A Thanksgiving ‘thank you’ post
As we land on Canadian Thanksgiving long weekend, I felt a piece on gratitude fit the bill. Not to worry, I’ll come back to my series on the yoga industry. (If you missed Part 1 in the series, read last week’s post.)
Long before gratitude lists were trendy or popular, Oprah was touting the benefits of keeping a gratitude journal. I’ll be honest: I thought the idea was hogwash. I stand corrected. Oprah knew what she was talking about.
Research has demonstrated the potential benefits of gratitude for our mental health. Harvard University shares more about the research and gives a list of ways to express gratitude here. The Greater Good Science Center at UC Berkeley shares how gratitude can change your brain physiologically (that’s nerd speak for the ability to change how your brain functions), for example:
“…when people felt more grateful, their brain activity was distinct from brain activity related to guilt and the desire to help a cause. More specifically, we found that when people who are generally more grateful gave more money to a cause, they showed greater neural sensitivity in the medial prefrontal cortex, a brain area associated with learning and decision making.”
How Gratitude Changes You and Your Brain
The Greater Good Magazine (June 6, 2017)
Meditation falls into this category, too. Don’t like your brain’s love handles? Gratitude and meditate yourself to a shapelier brain!
A ‘Thank You’ List
Seeing as a girl can always use a little help in the brain physique arena, I’m giving gratitude a go in writing. Here is my Thanksgiving ‘thank you’ list:
I am grateful for…
You, my readers. Thank you for taking the time to read and for your emails. I may not always respond to them in a timely fashion but I always read them and I always appreciate them.
My ugly dancer-like feet because they’re strong. They also allow me to also pick up things with my toes.
Fall leaves, fall bike rides, and fall sweaters.
Any type of bike ride frankly except the type that happens in a snowstorm.
My bed. The pillow top is to die for.
The roof over my head. It protects the pillow top, among other things including my sense of security.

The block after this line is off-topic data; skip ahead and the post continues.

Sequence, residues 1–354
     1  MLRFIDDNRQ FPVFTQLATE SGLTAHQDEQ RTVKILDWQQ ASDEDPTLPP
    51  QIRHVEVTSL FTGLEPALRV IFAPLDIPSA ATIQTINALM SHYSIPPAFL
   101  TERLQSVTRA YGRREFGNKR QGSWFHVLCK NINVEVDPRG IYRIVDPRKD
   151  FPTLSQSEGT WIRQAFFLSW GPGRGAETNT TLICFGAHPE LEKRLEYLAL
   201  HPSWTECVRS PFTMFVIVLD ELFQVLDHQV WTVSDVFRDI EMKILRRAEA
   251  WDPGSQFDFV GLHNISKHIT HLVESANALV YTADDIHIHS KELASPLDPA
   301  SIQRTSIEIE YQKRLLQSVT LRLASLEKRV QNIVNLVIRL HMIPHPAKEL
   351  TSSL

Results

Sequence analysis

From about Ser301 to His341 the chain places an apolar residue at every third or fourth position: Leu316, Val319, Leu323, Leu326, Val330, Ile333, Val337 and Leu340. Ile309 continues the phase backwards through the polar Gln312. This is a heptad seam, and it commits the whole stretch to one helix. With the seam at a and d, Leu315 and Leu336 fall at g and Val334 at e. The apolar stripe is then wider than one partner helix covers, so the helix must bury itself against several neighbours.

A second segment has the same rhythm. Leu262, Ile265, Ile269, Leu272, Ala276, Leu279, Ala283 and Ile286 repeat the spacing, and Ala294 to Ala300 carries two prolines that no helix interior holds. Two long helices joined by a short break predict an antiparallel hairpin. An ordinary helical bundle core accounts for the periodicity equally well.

My sense of humour. I swear, I’m funny.
My artistic skills.
My cat. Don’t tell her though, she’ll develop an ego. Oops, too late. (In defence of cats, go here.)
My dog, Baldur, because he taught me unconditional love. He also taught me that husky fur will forever be part of my life. He’s been gone five years and yet the fur persists; I’ve accepted it.
The fact that I don’t have children.
My Cancervive extended family.
My friends, who are my other extended family. As someone whose immediate family is as small as a brain cell, my friends are my family. I often ask myself what I did to deserve such good people in my life. Could it be the bribing?
The fact that one friend, in particular, is still alive. Despite their mental health struggles, my powerlessness to help them, and the apparent lack of mental health resources to help them, they persist.
My parents, who chose to adopt a little girl without knowing the full extent of what they were getting themselves into.
The death of my parents without which I would never have learned the true meaning of grief.
My sister-in-law because she loves my brother dearly and because she was there for us during the worse years of our lives. She also bakes a mean cookie.
My brother, who could have otherwise been a huge dick to me over the years instead decided to be a sage of sorts. He’s my financial advisor, political debater, comedy-sidekick, and thought-provoker. (Before you ask, yes, he’s also adopted. No, we don’t have the same parents. I’m clearly from a better gene pool.)
My physical health.
My physical health.
My physical health. Without good health, we may as well be dead, pun intended.
My mental health.
What’s on your list?
I vote you take 5 minutes to write your own list. GO!
Happy Turkey Weekend. Please share this piece if you found it helpful, I’d be grateful if you did.
Now, where’s the pumpkin pie?